"Isn't our relationship worth the risk?" Fraser asked.

"I don't have time for this now, Benny. I've given you my reasons. If you can't accept them, maybe we should rethink this relationship. I have to go." And Ray walked out of the apartment, slamming the door behind him.

Fraser watched him leave, his mouth hanging open in shock. A sick feeling started in the pit of his stomach. Ray had left him. He'd said they should rethink their relationship. Ray didn't love him. That thought repeated itself over and over. Ray didn't love him.

Later that night as he lay in bed, Ray tossed and turned. He'd regretted his angry words to his partner almost as soon as he'd said them, but he'd been both too proud and too ashamed to go back and apologize. He'd just been tired and frustrated. He'd told Benny so many times why he didn't want to come out to his family, but the Canadian kept pressuring him to do so. Why couldn't he leave it alone?

The more he thought about it, though, the more he considered the possibility that maybe Benny was right. He shouldn't have to hide his love for his partner. Benny deserved more than kisses snatched when no one was looking, quickies in the afternoon after work, weekends spent with Ray's family that Ray couldn't even enjoy for fear that his and Benny's feelings for each other would show. Their relationship shouldn't be hidden like some dirty secret that he was ashamed of.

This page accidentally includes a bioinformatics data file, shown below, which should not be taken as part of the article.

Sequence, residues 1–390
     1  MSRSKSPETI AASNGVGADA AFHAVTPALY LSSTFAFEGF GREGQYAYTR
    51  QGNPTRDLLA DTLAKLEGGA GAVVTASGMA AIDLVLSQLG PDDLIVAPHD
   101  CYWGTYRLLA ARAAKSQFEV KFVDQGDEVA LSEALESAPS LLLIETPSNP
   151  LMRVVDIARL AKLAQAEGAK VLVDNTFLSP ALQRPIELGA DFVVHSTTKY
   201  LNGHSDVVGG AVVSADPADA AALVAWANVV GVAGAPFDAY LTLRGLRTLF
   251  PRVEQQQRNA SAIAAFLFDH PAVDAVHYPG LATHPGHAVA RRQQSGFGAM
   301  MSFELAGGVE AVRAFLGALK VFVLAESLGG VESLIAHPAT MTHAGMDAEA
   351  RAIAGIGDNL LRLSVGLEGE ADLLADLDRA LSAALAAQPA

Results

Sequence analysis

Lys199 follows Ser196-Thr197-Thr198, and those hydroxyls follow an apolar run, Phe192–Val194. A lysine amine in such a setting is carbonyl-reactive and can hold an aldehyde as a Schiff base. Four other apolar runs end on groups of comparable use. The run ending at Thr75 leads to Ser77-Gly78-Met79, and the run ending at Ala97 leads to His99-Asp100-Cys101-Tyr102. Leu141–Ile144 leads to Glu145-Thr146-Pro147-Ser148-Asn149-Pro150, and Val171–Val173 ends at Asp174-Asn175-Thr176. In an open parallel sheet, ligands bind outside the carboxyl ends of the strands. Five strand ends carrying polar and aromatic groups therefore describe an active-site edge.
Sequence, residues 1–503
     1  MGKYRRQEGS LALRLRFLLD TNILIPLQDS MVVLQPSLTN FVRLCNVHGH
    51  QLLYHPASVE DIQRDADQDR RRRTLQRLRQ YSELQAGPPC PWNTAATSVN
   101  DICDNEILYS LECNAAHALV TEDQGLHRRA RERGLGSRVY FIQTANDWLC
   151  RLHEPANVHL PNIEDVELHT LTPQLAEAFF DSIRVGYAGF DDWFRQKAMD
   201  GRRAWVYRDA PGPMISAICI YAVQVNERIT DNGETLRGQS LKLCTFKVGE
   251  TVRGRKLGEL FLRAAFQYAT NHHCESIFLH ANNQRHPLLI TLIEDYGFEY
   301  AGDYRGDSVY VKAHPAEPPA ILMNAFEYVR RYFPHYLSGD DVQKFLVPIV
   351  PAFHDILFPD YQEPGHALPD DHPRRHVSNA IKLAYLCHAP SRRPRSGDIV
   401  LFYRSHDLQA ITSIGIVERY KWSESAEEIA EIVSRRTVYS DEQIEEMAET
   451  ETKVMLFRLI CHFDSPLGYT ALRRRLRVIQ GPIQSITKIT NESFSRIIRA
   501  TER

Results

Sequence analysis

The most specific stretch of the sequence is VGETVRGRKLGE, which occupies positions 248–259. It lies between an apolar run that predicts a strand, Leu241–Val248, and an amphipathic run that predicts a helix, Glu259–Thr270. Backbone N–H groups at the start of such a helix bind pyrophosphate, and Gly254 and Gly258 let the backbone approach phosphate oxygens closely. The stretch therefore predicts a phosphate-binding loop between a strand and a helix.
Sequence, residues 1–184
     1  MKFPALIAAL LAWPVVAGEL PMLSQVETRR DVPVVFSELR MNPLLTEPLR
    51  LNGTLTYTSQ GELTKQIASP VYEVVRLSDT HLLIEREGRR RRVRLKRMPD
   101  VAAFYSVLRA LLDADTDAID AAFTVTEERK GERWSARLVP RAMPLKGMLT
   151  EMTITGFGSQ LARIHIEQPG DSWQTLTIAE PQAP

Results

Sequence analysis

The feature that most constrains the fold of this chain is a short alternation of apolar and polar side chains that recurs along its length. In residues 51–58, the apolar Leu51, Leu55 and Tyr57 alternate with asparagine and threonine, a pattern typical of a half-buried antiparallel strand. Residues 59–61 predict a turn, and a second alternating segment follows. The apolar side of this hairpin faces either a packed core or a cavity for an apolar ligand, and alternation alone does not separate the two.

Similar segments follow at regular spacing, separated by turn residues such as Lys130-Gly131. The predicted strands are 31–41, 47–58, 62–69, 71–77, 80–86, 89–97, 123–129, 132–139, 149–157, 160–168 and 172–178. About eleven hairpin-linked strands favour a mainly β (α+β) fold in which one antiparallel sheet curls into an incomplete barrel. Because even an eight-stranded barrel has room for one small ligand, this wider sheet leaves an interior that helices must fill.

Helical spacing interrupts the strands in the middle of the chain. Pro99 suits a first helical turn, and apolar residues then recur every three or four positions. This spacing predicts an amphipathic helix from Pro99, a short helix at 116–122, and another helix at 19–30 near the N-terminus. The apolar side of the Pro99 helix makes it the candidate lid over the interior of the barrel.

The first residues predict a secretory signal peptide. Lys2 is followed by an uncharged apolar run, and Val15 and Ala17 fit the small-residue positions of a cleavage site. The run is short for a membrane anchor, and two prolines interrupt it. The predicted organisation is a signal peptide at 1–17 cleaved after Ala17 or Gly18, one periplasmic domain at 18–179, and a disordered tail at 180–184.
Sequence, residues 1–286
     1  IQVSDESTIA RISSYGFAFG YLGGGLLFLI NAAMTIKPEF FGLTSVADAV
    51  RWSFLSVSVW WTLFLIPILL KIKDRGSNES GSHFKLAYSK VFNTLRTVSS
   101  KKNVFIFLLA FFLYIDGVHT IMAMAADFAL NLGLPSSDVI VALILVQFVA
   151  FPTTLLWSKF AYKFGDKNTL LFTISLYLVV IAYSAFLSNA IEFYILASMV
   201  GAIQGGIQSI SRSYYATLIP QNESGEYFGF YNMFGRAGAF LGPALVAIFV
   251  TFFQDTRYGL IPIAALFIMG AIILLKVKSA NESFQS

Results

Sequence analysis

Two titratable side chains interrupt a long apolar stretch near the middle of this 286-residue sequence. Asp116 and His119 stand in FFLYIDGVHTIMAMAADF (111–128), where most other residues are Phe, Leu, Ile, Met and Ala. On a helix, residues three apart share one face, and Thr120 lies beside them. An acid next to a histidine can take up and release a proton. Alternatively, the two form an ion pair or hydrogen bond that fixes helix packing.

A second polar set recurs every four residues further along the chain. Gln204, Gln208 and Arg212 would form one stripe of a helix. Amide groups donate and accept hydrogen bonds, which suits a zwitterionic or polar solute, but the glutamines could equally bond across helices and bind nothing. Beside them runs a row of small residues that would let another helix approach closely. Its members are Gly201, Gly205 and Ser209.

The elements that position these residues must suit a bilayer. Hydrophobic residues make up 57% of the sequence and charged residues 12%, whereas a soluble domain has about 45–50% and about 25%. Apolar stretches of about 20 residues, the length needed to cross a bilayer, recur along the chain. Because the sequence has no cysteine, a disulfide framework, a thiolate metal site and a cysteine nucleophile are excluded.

He realized that he hardly ever told Benny that he loved him. He knew that his lover was uncomfortable saying the "l" word himself . He had his upbringing to thank for that. So Ray didn't say it, for fear of making Benny uncomfortable. But Ray didn't need to hear the words to know that Benny loved him. The Mountie showed his love in so many ways. He'd risked his life for Ray more than once. But did Benny know that Ray loved him? Ray was so busy trying to make sure that no one saw them touch each other or heard them express their feelings that sometimes he didn't touch Benny at all, or tell him how much he loved him, how happy he was that they were together. Well, he'd change that. Tomorrow he'd call Benny at the Consulate and arrange to take him out for lunch. He'd apologize for the things he'd said today, and tell him that he loved him, no matter who was in earshot. And in the morning he'd talk to his Ma and his sisters about Benny.

By noon the next day Ray was getting impatient to see his partner. He wanted to tell him that he'd come out to his family. It had gone better than he'd feared. Ma was more disappointed than anything, he thought. Ray's being in a same sex relationship didn't really fit with her hopes for him, but she told him that she loved him, no matter what. Maria had simply shrugged and said that she was surprised, but it was Ray's life. Frannie had been a bit tougher. She still held out hope that one day Benny would fall madly in love with her, and now it didn't look like there was much chance of that happening. She wept and wailed and threw a temper tantrum, but finally calmed down once she got it out of her system. "Are you happy?" she finally asked, with a sniffle.

"Yeah, Frannie, we are," her brother told her.